Beregsurany residents, who tend to support Hungary’s anti-migrant policies, open their doors to growing numbers of Ukrainian asylum seekers.

APTOPIX Poland Ukraine Invasion

Beregsurany, Hungary – Minibuses carrying people who have fled the war in Ukraine do not stop arriving in Beregsurany, a rural Hungarian town near the Ukrainian border. The moment one drops off a group at the town hall, another quickly takes its place.

Everything moves like clockwork. Volunteers register each person and organise onward transport. Elderly residents of the town push forward with hot tea and meat sandwiches. Medics stand by to offer assistance.

Since Russia’s full-scale invasion of Ukraine began on February 24, this sleepy village has become a hive of activity as thousands of people sought safety from rockets and bombs.

Overseeing this military-like effort is the town’s mayor, Istvan Herka, a man with snow-white hair.

“We know these people who are fleeing. Our lives intersected all the time. So this war has struck a chord in our heart,” he told Al Jazeera in between phone calls. “[Prime Minister Viktor] Orban did the right thing by keeping the border open. We had to help in any way we could, and our community is rising to the challenge every day.”

Impressive effort

Hungary has received more than 140,000 people from Ukraine in just seven days. All along the 135km (84-mile) frontier, volunteers from across the country have travelled to the border region to help with the impressive humanitarian effort.

Overall more than 1.2 million people have crossed Ukraine’s western borders according to the United Nations High Commissioner for Refugees (UNHCR), a number that is expected to grow in the coming days.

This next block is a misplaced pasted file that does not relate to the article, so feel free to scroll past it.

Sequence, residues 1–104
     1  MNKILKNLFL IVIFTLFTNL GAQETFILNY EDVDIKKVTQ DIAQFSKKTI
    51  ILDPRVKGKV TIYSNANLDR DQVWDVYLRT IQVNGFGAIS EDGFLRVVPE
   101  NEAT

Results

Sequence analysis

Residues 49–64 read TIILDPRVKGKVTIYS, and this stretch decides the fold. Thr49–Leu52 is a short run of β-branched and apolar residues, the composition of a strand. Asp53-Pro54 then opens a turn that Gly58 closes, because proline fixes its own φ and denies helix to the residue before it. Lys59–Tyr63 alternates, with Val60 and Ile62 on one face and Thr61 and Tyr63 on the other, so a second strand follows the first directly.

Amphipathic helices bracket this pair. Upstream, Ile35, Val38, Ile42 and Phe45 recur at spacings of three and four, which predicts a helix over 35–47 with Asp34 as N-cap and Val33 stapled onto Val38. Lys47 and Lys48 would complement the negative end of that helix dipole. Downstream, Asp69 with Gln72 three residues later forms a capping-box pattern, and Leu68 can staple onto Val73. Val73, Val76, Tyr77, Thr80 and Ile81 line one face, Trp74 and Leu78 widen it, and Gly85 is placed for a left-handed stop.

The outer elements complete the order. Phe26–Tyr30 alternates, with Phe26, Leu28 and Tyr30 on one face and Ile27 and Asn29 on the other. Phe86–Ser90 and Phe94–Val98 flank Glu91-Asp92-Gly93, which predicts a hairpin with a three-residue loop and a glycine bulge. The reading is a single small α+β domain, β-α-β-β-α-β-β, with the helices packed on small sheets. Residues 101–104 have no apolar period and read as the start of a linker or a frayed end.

Beregsurany has a population of about 600 people, the majority of whom are elderly residents. When news broke last week of Russian President Vladimir Putin starting a full-scale invasion of Ukraine, members of the community met in the town centre to plan for an expected influx of Ukrainian refugees.

“We knew immediately people were going to come through here, so we ran down and turned the heating on in the town hall and started to carry pots of tea to the border. We were right, within a few hours there was demand,” said Andrea Lukacsine Posze, a resident.

She has been at the town hall every day since last Thursday, making hundreds of meals and sorting thousands of donated items.

“We’re here. We’re doing everything we can,” said Lukacsine Posze.

Selective sympathy

Hungary, like Poland, has been accused of selective sympathy given its opposition to any European Union open-door policy that benefits those fleeing conflict, poverty and oppression from beyond the continent.

In 2015, Hungary closed its border with Serbia and erected a razor fence to deter people from crossing into the EU via the Balkan route.

In July 2016, Orban’s nationalist government passed a law that legalised pushbacks – the practice of pushing asylum seekers back across borders without due process. The European Court of Justice has ruled the move violated EU law.

Orban has previously said his people “didn’t want any migration” and referred to those seeking help in the EU as “Muslim invaders”.

Speaking to Al Jazeera on Thursday, he said it was his country’s ability to “tell the difference between who is a migrant and who is a refugee” that led to the eastern border staying open.

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